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Title: Catalyst design for low temperature oxidation of methane to methanol
Author: Williams, Christopher Paul
ISNI:       0000 0004 7962 1650
Awarding Body: Cardiff University
Current Institution: Cardiff University
Date of Award: 2018
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Abundantly available through natural gas, methane is largely underutilised as a resource. Furthermore, providing a potential alternative to the production of valuable petrochemicals, direct valorisation of methane would prolong reserves of feedstock petrochemicals derived from dwindling crude oil. Instead, due to lack of on-site valorisation processes, methane is largely flared during the production of crude oil. Even so, industrial application of used methane involves an indirect and energy intensive route transforming methane to synthesis gas (CO2 and H2). Further processing is then applied to effectively valorise to the desired liquid petrochemicals. Alternatively, a direct on-site route to methanol under mild conditions would limit the environmental impact of an energy intense indirect process. In addition, methanol provides a valuable non-crude oil source as an intermediate to a vast number of applications across several industries. One avenue investigated, effectively utilised AuPd/TiO2 catalyst for the oxidation of methane using H2O2 at low temperature (50 °C). Inspiring the first section of this thesis, the synthesis of AuPd/TiO2 by impregnation provides poor control yielding a broad range of nanoparticle sizes with poor control of nanoparticle composition. Therefore, the first chapter investigates the influence of AuPd particle size, selecting sol immobilisation for controlled preparation of starting material with narrow size distribution. The application of heat treatment to promote particle size increases was investigated to confirm an influence for methane oxidation. During this work, further influences were observed during initial testing and were evaluated to improve understanding and increase catalyst productivity. These influences included variation in AuPd nanoparticle size, TiO2 support phase and surface area changes. Producing variables which directly allowed controlled utilisation of H2O2 then provided avenues to produce a significantly improved catalyst, requiring lower metal loading (0.13 wt.%) with higher productivity and H2O2 efficiency. The second section of this thesis investigates the application of perfluorinated solvent for the selective oxidation of methane. Although proposed to be environmentally benign, the application of pre-formed H2O2 requires its production via the anthraquinone process. Instead, the direct incorporation of molecular oxygen is considered the goal for catalytic oxidation processes. Offering higher gas solubilities for both methane and oxygen, a perfluorinated solvent was applied for investigations into use of molecular oxygen for methane oxidation. The development of biphasic system trialled the application of radical initiators but found activity independent of catalyst. Instead, the in-situ generation of H2O2 from H2 and O2 was investigated.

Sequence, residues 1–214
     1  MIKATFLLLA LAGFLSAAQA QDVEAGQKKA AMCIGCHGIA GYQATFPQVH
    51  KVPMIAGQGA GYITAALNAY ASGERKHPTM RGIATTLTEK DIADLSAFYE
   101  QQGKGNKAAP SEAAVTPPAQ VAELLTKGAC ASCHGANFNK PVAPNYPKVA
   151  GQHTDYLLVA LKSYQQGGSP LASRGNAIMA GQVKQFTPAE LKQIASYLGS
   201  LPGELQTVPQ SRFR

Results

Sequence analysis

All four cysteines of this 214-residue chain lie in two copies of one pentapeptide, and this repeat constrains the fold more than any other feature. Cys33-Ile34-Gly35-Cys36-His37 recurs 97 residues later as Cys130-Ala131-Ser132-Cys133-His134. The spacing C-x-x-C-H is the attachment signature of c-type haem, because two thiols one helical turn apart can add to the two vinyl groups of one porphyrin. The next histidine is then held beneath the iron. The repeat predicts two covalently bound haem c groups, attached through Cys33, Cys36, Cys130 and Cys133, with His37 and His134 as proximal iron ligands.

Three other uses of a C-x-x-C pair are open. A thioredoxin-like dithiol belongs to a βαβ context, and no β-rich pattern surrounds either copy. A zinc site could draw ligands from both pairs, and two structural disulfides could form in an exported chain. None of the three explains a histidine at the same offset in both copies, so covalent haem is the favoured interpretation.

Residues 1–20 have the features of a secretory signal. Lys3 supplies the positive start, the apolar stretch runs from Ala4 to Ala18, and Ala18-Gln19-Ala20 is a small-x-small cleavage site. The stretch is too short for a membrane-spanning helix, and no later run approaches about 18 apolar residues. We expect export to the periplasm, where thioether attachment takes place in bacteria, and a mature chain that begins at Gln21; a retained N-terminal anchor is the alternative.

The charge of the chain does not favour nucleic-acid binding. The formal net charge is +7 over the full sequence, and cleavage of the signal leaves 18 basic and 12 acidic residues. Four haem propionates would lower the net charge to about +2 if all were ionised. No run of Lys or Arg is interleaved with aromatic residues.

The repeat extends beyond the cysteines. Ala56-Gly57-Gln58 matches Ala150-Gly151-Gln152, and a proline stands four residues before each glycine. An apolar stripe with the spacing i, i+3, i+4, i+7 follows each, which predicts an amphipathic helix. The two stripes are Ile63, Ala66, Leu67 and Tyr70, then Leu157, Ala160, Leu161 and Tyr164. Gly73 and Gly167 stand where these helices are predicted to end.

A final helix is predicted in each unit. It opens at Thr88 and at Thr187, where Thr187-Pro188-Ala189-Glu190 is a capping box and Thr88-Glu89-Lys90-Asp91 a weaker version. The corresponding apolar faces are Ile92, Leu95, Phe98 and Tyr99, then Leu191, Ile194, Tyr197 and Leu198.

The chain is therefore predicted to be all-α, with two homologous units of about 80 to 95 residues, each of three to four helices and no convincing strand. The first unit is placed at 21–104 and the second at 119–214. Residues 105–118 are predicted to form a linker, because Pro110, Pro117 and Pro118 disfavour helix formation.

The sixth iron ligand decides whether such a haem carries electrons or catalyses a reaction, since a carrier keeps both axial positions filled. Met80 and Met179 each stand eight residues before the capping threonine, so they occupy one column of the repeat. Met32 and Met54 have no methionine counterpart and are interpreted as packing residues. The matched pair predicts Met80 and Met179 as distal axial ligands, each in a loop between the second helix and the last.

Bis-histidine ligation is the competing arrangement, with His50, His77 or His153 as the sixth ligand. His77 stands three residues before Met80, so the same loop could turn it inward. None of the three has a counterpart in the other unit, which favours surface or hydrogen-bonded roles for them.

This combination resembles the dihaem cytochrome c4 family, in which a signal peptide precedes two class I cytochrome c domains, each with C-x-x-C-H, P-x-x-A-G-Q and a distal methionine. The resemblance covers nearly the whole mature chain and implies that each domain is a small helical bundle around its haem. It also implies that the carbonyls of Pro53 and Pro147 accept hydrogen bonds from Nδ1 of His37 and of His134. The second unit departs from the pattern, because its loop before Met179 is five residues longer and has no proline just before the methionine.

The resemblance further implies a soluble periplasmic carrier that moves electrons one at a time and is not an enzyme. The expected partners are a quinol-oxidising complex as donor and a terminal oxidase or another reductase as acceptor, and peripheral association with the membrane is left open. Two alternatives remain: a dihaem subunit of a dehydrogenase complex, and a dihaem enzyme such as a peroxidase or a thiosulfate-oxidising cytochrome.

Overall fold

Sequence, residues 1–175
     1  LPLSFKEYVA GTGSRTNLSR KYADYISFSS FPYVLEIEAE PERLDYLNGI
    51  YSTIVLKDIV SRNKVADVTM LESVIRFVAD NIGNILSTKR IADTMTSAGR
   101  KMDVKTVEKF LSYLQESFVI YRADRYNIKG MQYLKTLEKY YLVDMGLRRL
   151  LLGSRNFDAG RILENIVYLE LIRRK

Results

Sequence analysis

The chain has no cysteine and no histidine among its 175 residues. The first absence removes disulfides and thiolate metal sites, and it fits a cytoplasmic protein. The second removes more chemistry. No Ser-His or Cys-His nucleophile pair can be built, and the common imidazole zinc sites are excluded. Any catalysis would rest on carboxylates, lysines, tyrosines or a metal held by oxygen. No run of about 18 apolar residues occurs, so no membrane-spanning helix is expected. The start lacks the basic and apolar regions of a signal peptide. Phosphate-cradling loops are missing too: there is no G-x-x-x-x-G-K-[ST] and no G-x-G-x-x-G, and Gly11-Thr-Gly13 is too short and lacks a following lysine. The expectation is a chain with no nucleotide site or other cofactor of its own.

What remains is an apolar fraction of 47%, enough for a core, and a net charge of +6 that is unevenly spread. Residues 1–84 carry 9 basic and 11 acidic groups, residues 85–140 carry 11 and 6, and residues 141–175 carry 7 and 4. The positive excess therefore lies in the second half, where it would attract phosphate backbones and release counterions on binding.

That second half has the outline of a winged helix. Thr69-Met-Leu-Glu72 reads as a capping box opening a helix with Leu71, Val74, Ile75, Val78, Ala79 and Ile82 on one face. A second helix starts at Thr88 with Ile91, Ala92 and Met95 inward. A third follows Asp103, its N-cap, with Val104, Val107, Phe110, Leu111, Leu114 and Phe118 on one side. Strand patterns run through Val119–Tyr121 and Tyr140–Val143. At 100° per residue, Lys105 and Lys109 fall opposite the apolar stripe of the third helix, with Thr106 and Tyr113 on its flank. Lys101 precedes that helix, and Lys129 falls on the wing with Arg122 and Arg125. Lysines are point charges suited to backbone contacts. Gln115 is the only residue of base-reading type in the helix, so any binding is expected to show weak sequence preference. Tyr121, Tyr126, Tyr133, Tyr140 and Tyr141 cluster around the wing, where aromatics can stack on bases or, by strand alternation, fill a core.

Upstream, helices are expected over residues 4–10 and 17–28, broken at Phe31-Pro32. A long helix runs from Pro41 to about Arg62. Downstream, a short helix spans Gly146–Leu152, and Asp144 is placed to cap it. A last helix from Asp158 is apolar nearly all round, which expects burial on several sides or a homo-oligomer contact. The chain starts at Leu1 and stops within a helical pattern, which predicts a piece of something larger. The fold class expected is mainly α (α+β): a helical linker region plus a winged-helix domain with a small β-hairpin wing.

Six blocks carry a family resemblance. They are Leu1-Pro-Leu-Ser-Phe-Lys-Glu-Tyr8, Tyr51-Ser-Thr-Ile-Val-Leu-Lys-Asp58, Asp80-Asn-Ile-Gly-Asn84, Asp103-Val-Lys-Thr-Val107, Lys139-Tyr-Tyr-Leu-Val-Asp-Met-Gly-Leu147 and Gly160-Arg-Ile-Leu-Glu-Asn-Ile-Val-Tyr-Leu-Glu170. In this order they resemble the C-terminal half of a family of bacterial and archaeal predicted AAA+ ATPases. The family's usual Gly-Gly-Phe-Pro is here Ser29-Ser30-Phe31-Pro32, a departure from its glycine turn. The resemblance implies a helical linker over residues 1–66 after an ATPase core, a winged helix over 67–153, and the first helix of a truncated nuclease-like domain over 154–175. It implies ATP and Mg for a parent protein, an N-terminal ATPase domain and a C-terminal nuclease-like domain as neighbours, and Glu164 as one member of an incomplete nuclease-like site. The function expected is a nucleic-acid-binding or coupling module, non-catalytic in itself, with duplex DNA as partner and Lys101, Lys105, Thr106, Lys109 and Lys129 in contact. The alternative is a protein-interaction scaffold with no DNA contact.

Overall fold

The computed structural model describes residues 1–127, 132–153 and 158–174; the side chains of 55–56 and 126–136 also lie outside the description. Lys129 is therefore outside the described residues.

Supervisor: Not available Sponsor: Not available
Qualification Name: Thesis (Ph.D.) Qualification Level: Doctoral
EThOS ID:  DOI: Not available
Keywords: QD Chemistry